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  #21  
Old 13.04.2015, 19:10
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Re: Drone attacks

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I wonder if it would be legal to crowdsource an educational purpose GPS and and other radio links jammer with a radar and active antenna system to to shut these drones out of their command and control center. Such non-lethal technology should be provides as a humanitarian aid to the victims.
The problem is, the targets are completely unaware. They don't get charged or indicted, have exactly zero means for legal proceedings.

Just one moment ... BOOM.
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  #22  
Old 13.04.2015, 20:42
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Re: Drone attacks

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The problem is, the targets are completely unaware. They don't get charged or indicted, have exactly zero means for legal proceedings.

Just one moment ... BOOM.



Boston April 15th 2013 .No one got a warning there ,not a moment just, BOOM But 9/11 was great ,one could see the aircraft . Must have been very exiting
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Old 13.04.2015, 21:14
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Re: Drone attacks

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Boston April 15th 2013 .No one got a warning there ,not a moment just, BOOM
And it was exactly these indiscriminate killings that the Boston Bombing brothers were railing against. The cycle has to be broken somewhere.
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  #24  
Old 14.04.2015, 00:12
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Re: Drone attacks

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Boston April 15th 2013 .No one got a warning there ,not a moment just, BOOM But 9/11 was great ,one could see the aircraft . Must have been very exiting
Is this some sort of half-assed, emotionally charged justification for murdering people? Is that really what you are getting at here?
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  #25  
Old 14.04.2015, 00:47
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Re: Drone attacks

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And it was exactly these indiscriminate killings that the Boston Bombing brothers were railing against. The cycle has to be broken somewhere.
I find this line of reasoning absolutely offensive. without question there are people in the world who have an unfortunately all-too-legitimate reason to hate the US and the indefensible atrocities that are part and parcel of its damnable foreign policies, but the 2 brothers involved in the Boston bombing were not those people. for Christ's sake, the US offered them refuge under circumstances in which it had absolutely no legal or ethical obligation to do so.

the use of drones in the extra-territorial and extra-judicial killing of individuals by the US is horrific and counter-productive. I'm actually embarrassed any time an American wants to debate the point.

and now, because I could use the humor:

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  #26  
Old 14.04.2015, 01:30
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Re: Drone attacks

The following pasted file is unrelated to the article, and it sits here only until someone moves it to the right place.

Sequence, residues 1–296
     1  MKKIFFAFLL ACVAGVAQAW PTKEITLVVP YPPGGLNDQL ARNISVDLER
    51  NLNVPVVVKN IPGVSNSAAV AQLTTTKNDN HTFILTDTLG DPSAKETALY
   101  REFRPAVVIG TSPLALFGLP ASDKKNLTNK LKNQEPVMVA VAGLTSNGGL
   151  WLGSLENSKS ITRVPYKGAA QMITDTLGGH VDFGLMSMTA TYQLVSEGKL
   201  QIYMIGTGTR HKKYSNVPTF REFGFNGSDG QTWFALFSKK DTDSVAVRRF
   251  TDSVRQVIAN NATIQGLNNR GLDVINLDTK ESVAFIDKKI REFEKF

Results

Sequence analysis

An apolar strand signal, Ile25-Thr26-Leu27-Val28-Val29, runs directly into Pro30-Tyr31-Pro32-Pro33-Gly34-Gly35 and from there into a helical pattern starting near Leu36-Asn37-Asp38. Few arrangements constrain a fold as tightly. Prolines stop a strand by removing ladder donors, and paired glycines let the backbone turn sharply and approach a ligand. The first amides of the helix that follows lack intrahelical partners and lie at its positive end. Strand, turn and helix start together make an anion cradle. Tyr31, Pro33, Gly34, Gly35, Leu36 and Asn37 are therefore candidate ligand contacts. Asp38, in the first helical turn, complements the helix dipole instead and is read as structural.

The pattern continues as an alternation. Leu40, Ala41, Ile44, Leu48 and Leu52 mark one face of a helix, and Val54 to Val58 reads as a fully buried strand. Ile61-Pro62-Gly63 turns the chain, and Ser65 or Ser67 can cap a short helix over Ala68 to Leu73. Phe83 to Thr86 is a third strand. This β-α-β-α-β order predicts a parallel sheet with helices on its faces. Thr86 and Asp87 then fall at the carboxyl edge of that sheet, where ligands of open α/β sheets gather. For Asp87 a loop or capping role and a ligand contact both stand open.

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Is this some sort of half-assed, emotionally charged justification for murdering people? Is that really what you are getting at here?

Make this 3/4
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  #27  
Old 14.04.2015, 21:25
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Re: Drone attacks

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Boston April 15th 2013 .No one got a warning there ,not a moment just, BOOM But 9/11 was great ,one could see the aircraft . Must have been very exiting
I kind of like the comparison. The result:

The US-soldier are called war heroes and celebrated, while the rest are called terrorists and hunted for kill or incarcerated without any legal means of defense.
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  #28  
Old 14.04.2015, 21:56
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Re: Drone attacks

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I kind of like the comparison. The result:

The US-soldier are called war heroes and celebrated, while the rest are called terrorists and hunted for kill or incarcerated without any legal means of defense.
The US-soldiers wear uniforms and state their objectives.

The terrorists wear no uniforms have no clear stated objectives and try to hide in the civilian population with consequent extremely tragic collateral damage (which may well be a subsidiary objective ).
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  #29  
Old 14.04.2015, 22:20
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Re: Drone attacks

And both essentially kill at will, that's commonly known as murder.
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  #30  
Old 14.04.2015, 22:23
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Re: Drone attacks

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The US-soldiers wear uniforms and state their objectives.



The terrorists wear no uniforms have no clear stated objectives and try to hide in the civilian population with consequent extremely tragic collateral damage (which may well be a subsidiary objective ).

Asymmetric conflict.
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  #31  
Old 14.04.2015, 22:23